The results, while not surprising, nevertheless were startling. The public’s perceptions, at first blush, were upbeat. Interviewees spoke of older people as having accumulated wisdom, staying active, being self-sufficient, and having earned their leisure time in later life. These comments often were associated with an individual known to the interviewee, such as a grandparent or neighbor. But as researchers dug deeper, they found “real” perceptions of older adults that were more ominous.

The Public’s Misperceptions

Strategic Frame Analysis Defined

Strategic Frame Analysis is an approach to communications research and practice [that integrates] essential constructs from the cognitive and social sciences to describe and explain how communications in general, and media in particular, influence public support for social programs and policies.

The research undergirding Strategic Frame Analysis comprises a set of multi-disciplinary, multi-method, iterative processes emphasizing empirical testing of potential frame effects. The basic methodological components of Strategic Frame Analysis are [the following]: news media content analysis; semi-structured one-on-one interviews with the public; peer discourse analysis; expert interviews and field frame analysis; conceptual analysis mapping the gap between public understanding of an issue and policy/advocacy experts’ understanding of the issue; the development of explanatory metaphors; national experimental surveys; and, persistence trials and usability match tests.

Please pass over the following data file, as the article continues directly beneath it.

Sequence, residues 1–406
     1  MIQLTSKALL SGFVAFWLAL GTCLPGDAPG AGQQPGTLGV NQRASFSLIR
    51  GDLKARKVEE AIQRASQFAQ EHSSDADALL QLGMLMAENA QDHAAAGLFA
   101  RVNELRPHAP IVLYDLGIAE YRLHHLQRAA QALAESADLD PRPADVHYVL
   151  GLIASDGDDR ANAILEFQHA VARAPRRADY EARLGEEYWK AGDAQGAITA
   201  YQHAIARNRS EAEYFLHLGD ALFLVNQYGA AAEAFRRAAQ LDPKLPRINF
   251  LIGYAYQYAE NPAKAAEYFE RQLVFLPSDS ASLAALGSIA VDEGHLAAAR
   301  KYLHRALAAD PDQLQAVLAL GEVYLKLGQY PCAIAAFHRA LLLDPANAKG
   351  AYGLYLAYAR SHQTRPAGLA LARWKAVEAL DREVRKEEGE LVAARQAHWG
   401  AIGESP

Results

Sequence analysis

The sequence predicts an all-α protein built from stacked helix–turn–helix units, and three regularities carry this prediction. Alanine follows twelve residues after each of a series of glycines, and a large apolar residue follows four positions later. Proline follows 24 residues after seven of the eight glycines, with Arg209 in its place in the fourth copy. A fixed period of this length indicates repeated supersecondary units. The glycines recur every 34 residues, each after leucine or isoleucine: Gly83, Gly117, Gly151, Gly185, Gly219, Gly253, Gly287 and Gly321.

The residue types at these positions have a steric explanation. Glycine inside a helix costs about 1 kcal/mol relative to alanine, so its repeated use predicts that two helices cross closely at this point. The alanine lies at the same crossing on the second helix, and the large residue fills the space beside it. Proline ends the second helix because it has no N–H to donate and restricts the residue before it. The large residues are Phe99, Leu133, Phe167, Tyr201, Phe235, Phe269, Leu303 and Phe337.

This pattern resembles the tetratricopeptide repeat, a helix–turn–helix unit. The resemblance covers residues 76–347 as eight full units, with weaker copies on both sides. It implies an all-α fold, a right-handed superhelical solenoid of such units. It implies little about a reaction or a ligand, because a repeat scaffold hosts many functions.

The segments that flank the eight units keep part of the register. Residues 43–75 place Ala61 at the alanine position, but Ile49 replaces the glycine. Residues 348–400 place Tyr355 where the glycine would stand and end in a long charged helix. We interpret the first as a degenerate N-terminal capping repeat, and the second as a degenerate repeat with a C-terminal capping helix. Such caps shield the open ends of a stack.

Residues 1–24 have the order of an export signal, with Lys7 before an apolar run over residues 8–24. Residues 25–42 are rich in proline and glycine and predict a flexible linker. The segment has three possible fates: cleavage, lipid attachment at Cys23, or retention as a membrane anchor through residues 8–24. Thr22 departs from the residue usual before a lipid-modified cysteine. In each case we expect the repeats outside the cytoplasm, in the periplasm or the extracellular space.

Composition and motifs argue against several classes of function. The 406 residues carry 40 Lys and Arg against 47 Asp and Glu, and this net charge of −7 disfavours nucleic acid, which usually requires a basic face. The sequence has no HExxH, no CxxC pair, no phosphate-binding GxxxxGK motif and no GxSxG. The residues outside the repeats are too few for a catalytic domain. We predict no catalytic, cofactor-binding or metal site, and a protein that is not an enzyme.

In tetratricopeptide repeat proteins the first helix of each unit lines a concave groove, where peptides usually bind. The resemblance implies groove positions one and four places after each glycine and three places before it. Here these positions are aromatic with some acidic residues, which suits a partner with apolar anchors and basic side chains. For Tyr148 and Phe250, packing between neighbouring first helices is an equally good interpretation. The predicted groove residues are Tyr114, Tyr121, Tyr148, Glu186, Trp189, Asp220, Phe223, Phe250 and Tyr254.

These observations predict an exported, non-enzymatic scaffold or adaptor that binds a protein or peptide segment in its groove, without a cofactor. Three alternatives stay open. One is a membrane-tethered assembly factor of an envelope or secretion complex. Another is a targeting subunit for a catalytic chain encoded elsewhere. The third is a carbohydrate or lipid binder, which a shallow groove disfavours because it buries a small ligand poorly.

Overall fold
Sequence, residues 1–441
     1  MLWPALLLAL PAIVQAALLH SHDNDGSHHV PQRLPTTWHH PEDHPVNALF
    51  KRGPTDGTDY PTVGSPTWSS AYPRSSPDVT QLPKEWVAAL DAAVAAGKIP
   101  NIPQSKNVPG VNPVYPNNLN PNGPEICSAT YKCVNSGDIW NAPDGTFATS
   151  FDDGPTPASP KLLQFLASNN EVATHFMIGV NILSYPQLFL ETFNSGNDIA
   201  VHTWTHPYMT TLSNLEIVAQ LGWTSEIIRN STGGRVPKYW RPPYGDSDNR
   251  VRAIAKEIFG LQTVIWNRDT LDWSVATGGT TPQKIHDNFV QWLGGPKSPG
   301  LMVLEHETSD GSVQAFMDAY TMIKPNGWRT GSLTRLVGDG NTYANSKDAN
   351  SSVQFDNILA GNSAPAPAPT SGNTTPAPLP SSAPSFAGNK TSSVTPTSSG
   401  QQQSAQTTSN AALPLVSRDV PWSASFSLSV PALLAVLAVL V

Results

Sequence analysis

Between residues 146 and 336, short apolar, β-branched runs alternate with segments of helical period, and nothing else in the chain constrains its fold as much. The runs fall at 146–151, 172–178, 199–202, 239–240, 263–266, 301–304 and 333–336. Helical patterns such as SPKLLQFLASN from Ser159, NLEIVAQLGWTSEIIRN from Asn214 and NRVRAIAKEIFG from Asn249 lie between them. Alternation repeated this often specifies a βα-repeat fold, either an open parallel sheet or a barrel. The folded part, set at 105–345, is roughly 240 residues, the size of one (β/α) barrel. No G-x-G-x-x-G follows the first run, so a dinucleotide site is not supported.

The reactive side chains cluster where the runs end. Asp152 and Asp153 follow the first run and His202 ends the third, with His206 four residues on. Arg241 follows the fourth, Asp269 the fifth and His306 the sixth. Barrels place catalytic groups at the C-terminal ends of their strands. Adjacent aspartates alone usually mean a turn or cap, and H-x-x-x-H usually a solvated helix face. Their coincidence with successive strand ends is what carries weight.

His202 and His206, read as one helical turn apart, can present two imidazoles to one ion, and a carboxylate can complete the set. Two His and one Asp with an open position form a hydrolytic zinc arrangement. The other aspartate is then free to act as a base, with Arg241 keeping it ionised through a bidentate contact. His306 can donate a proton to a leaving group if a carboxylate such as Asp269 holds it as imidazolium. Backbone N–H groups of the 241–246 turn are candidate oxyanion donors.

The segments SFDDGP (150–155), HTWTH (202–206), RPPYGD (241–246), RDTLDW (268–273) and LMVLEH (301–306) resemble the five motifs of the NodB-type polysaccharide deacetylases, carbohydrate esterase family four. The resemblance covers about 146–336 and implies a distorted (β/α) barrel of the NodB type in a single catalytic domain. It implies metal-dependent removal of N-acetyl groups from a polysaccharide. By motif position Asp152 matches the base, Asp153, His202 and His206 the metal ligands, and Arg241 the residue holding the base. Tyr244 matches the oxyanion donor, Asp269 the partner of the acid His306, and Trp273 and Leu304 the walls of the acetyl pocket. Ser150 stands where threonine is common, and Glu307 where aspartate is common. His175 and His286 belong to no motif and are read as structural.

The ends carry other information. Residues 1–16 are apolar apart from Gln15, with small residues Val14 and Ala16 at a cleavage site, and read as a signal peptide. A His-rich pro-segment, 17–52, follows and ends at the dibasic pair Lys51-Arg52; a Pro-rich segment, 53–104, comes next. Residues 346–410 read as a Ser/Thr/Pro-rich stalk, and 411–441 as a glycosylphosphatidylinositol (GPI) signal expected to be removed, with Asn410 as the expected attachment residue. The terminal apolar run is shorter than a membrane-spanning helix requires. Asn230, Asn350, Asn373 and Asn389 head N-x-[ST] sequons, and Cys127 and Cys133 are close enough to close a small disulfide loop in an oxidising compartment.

Source: FrameWorks Institute, 2015a.

Three categories of (mis)perceptions became clear. The first is about older adults’ capabilities (more accurately, the perceived lack thereof), the second was about the role of older adults in the broader society, and the third concerned culpability.

Capabilities: aging = decline

The prevailing thinking by the majority of the public sampled was an association between aging and decline. The most common language about aging was of “loss,” “slowing down,” and “breaking down.” There was a strong belief that a loss of control and deterioration are inevitable as one ages. Consistent with that belief was an emphasis on the increased need for healthcare and the difficulty of meeting healthcare needs. The public also believes older adults can no longer learn new information—they stagnate, and they are digitally incompetent. The public characterizes the aging process as one in which identity, knowledge, skills, success, and other aspects of life become increasingly “fixed.”

The experts, on the other hand, emphasized that aging is not synonymous with disease or disability. With the right contextual and social supports, older adults remain healthy and maintain high lives of independence and functioning (Lindland et al., 2015).

Implicated in the belief about older adults’ lack of capabilities is that “nothing can be done.” If decline were inevitable, why bother investing in preventive and support services that, in others, would help to maintain independence, health, and social involvement?

Elders’ role in society: older adults seen as “other”

The second grouping of perceptions—the role of older adults in the broader society—revealed that “the elderly” are seen as “other.” Older adults were compartmentalized from the rest of society and the language of “battling” or “working against” aging dominated. Rather than recognizing that aging is relevant to all of us, those interviewed perceived older adults as an external group that competes with the rest of society for resources.

But the experts’ view is that older adults are integral parts of society. In fact, they have an enormous economic and social impact on American society—an impact often not well accounted for in our discourse, media, and public policy. Experts were clear that older adults represent an enormous source of consumer spending and economic productivity. They also emphasized that older adults are a large source of social productivity, even if it is not recognized by society.